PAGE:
Cameron must get his own house in order before preaching values

Richard Sudan
Richard Sudan is a London-based writer, political activist, and performance poet. His writing has been published in many prominent publications, including the Independent, the Guardian, Huffington Post and Washington Spectator. He has been a guest speaker at events for different organizations ranging from the University of East London to the People's Assembly covering various topics. His opinion is that the mainstream media has a duty to challenge power, rather than to serve power. Richard has taught writing poetry for performance at Brunel University.
David Cameron © Toby Melville
David Cameron’s speech outlining his proposal to tackle extremism, which plans to hand the security services more power while calling for more measures to be taken by Muslim communities, was predictably divisive and inflammatory by nature.

It was a carefully crafted speech though, ambiguous where it needed to be, but essentially succeeding in doing what much of the MSM do, and that is, wittingly or unwittingly, to collate the entire British Muslim community with the un-Islamic State or Daesh (Also known as Isis, Isil etc.).

While Cameron's reasons for making the speech were undoubtedly motivated by an innate desire to make Britain safe, while promoting fairness, justice, and equality around the world, unfortunately, and indeed contrary to the spirit of transparency, he failed to mention the British state’s direct collusion with, and support of, terror groups and death squads unleashed throughout the Middle East and North Africa.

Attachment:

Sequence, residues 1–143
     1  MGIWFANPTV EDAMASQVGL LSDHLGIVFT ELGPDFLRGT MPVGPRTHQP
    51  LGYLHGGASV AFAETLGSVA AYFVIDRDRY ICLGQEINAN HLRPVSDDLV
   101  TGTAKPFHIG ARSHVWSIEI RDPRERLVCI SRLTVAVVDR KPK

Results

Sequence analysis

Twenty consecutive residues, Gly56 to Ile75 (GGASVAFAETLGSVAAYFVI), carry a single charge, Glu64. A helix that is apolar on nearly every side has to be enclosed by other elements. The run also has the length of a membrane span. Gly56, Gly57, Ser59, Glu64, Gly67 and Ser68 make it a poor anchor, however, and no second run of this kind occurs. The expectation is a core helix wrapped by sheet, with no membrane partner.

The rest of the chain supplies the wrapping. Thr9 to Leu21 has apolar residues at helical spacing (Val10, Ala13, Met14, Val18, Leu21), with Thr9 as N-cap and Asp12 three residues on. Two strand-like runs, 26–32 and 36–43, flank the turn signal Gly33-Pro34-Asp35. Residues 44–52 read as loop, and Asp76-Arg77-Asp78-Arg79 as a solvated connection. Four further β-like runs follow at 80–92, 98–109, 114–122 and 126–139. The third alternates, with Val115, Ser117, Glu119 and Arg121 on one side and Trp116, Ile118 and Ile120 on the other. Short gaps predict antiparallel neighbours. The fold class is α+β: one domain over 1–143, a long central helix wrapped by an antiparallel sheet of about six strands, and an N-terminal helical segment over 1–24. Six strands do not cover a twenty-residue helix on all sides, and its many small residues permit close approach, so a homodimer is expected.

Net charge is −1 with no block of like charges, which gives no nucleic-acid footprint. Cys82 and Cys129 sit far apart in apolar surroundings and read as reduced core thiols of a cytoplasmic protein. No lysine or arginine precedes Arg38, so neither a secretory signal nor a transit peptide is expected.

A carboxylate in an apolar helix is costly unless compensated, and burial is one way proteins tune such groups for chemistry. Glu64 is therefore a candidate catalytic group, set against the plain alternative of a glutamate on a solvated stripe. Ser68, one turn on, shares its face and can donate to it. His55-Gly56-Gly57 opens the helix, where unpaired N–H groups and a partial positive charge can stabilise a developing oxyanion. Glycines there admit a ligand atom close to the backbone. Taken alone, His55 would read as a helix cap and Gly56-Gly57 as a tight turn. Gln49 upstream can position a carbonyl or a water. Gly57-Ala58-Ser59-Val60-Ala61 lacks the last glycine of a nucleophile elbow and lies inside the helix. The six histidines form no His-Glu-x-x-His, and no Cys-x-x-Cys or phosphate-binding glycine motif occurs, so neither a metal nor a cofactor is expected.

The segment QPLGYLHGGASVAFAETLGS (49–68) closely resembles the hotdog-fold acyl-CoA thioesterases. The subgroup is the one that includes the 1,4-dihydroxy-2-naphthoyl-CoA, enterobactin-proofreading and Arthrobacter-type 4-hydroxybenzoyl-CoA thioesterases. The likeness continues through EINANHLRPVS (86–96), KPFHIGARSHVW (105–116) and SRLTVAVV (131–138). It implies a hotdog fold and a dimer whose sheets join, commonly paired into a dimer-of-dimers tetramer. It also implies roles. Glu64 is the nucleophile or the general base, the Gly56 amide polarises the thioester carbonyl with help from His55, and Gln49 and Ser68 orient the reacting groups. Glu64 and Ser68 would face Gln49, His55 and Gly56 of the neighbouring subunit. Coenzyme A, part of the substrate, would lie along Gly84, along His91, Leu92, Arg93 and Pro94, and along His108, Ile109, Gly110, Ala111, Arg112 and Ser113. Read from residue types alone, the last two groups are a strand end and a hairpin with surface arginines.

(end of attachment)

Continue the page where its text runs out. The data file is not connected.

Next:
This form of state-backed extremism led directly to the fall of the sovereign nation of Libya, and is now the driving force behind efforts to destabilize Syria. But rather than acknowledge this, and to vow to sever the British government’s ties with all terrorists and terror regimes and extremism, Cameron has for political reasons, placed focus on British Muslims and avoided the bigger picture.

Surely to make the world safe, it would be more effective to focus on all of the factors which contribute to extremism and terrorism, whether committed by individuals or governments, from Takfiri or Salafi extremism to white nationalism.